Never like today have proteomic and glycoproteomic procedures been used as valuable tools to obtain information and characterize general or specific proteomes such in disease states and to discover disease biomarkers that can help in the diagnosis, prognosis and treatment monitoring of several diseases, for instance in cancer.
Plasma and serum are the most informative samples for proteomic studies  but they are also the most difficult versions of the human proteome, due to the high heterogeneity they present . The complexity of these samples is potentiated by plasma or serum proteolysis, the presence of protein and glycoprotein isoforms and post-translational modifications of proteins. Additionally, the dynamic range of protein abundance in these samples is very wide (in plasma the dynamic range comprises up to ten orders of magnitude) and cannot be covered by a single analytical technique without fractionation, depletion or concentration [3-5]. Furthermore, disease biomarkers occur in very low concentrations, at least in early stages, and the analytical techniques must present adequate sensitivity to detect lowabundant proteins or glycoproteins.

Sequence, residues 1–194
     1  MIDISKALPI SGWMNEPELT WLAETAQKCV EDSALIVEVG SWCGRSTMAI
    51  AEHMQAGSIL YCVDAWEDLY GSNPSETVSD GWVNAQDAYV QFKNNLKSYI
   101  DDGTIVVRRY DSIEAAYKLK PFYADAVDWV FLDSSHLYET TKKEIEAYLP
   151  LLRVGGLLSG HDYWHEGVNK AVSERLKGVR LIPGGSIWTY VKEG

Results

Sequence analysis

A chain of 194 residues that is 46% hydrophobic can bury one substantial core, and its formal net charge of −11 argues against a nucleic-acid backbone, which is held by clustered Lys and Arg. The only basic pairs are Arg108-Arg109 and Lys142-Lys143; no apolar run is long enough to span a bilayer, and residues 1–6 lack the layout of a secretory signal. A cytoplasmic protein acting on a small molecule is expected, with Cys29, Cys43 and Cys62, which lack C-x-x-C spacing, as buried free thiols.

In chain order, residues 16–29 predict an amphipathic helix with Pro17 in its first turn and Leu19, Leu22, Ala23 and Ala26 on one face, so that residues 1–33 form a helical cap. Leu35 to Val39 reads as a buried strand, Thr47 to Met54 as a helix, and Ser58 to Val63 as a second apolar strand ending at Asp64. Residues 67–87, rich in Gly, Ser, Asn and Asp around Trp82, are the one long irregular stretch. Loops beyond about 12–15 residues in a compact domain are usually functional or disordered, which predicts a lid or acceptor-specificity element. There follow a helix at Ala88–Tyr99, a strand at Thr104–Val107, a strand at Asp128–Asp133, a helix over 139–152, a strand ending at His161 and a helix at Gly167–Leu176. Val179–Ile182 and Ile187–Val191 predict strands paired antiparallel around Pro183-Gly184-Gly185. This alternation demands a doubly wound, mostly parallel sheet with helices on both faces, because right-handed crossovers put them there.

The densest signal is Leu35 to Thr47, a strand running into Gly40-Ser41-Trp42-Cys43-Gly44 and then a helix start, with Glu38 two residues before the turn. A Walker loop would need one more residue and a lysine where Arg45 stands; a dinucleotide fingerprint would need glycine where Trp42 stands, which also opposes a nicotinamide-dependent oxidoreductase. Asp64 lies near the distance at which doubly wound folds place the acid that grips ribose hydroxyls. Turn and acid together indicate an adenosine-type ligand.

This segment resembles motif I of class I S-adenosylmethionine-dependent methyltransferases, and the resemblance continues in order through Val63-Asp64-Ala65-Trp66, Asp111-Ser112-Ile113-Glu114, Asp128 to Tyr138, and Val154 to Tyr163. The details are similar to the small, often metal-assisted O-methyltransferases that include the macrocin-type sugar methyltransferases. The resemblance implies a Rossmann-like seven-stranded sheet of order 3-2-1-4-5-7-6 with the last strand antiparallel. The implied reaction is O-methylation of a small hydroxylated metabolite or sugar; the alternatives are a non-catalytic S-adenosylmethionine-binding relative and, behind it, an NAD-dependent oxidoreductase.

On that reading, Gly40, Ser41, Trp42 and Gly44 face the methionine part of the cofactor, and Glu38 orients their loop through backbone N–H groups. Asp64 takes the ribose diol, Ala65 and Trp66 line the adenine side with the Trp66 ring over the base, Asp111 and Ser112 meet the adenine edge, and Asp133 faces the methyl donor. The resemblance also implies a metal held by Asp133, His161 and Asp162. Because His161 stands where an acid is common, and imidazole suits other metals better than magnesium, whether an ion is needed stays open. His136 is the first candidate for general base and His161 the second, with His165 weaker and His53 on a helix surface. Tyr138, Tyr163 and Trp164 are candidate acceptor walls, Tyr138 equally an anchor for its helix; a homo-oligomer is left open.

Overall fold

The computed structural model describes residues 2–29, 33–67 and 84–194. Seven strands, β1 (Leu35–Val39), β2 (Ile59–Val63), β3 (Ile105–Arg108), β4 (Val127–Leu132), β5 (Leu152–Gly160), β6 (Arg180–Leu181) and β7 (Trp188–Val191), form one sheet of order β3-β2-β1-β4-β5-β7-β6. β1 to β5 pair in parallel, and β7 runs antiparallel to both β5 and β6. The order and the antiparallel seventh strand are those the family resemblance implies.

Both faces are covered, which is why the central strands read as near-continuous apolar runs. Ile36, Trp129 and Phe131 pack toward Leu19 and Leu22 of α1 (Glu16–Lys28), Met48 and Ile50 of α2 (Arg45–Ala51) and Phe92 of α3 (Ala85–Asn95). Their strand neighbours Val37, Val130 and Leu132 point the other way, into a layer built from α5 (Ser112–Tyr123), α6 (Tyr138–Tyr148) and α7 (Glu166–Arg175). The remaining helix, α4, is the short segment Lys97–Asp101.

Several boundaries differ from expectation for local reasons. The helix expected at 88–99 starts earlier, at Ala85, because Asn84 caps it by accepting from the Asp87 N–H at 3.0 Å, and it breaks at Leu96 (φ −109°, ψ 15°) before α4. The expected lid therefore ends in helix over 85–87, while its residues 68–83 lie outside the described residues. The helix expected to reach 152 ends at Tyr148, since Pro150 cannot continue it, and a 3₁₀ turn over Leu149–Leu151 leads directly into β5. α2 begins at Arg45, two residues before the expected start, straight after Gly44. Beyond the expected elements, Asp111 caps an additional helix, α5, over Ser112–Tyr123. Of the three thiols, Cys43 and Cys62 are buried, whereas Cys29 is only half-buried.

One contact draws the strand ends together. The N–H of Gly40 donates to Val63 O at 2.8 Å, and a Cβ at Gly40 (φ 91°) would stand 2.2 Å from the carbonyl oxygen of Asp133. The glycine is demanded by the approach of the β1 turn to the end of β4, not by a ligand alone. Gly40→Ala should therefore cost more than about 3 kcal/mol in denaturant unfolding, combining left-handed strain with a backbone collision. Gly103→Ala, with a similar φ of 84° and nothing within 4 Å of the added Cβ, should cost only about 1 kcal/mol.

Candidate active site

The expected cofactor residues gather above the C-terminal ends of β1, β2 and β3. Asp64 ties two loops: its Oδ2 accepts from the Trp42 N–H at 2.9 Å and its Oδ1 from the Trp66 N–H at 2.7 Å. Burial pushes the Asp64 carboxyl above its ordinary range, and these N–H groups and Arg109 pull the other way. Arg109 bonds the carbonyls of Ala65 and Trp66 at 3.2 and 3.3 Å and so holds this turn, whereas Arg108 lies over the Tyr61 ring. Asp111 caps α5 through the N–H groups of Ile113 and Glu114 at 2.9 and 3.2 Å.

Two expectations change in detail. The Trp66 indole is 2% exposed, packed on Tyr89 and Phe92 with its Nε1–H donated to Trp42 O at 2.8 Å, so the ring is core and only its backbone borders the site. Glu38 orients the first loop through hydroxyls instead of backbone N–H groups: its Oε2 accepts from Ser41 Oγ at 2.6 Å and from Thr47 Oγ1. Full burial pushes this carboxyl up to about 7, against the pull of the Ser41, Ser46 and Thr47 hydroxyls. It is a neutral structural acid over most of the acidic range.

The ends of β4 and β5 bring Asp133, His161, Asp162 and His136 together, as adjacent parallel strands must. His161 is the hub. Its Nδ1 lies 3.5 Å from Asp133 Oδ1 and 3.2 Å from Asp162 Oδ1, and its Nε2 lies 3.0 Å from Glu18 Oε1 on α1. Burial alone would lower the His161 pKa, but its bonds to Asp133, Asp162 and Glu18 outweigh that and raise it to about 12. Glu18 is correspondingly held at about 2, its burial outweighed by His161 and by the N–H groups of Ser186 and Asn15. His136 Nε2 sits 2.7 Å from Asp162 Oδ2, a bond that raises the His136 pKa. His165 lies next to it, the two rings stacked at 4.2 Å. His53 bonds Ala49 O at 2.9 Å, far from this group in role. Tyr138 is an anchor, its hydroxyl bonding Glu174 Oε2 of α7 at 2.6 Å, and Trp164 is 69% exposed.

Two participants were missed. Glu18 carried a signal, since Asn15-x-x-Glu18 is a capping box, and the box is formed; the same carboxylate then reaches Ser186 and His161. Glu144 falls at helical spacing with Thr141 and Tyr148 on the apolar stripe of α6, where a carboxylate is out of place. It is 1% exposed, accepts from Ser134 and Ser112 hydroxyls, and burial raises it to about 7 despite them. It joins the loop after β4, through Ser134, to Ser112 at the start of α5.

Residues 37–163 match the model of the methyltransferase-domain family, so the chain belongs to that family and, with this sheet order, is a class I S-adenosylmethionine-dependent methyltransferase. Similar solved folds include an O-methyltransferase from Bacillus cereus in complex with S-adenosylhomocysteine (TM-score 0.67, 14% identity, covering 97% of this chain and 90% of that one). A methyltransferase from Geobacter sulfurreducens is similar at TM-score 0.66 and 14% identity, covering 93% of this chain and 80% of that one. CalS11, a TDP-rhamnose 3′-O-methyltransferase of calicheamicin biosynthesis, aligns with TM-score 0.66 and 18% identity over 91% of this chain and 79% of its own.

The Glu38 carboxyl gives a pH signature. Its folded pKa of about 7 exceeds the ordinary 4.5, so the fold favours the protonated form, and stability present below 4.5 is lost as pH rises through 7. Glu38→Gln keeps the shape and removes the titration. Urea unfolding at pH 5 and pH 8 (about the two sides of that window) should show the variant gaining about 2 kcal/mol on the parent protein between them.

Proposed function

The dominance of highly abundant serum proteins and glycoproteins significantly complicates the discovery process by masking the presence and limiting the detection of low abundance species. Several techniques have been used to perform serum proteome partitioning such as affinity chromatography based on protein A and G, avian IgY and monoclonal antibodies that bind to albumin, immunoglobulins and other highly abundant proteins, with different affinities and specificities . In all these techniques, the ligand reversibly captures proteins of high abundance thereby yielding an enriched pool of low abundance glycoproteins for glycoproteomic studies .
Lectins are proteins that have been used as recognition agents to specifically bind glycan structures present in complex samples like biological ones. They show differential affinity for a diversity of glycoconjugate structures, binding to them in an antigen-antibody interaction way, although with lower specificity. An advantage over antibodies is that lectins detect glycan structures in glycoproteins, which is useful since many disease biomarkers are glycoproteins with aberrant glycans, namely in cancer [7-9]. Another benefit compared to antibodies is that the affinity of lectins to glycans is lower than the corresponding antibody-antigen interactions, so elution of bound glycoproteins is more efficient and higher recovery rates are achieved with lectins . Other advantages over antibodies include the cost of the enrichment column, the life-time and the loading capacity of lectin columns versus antibody columns .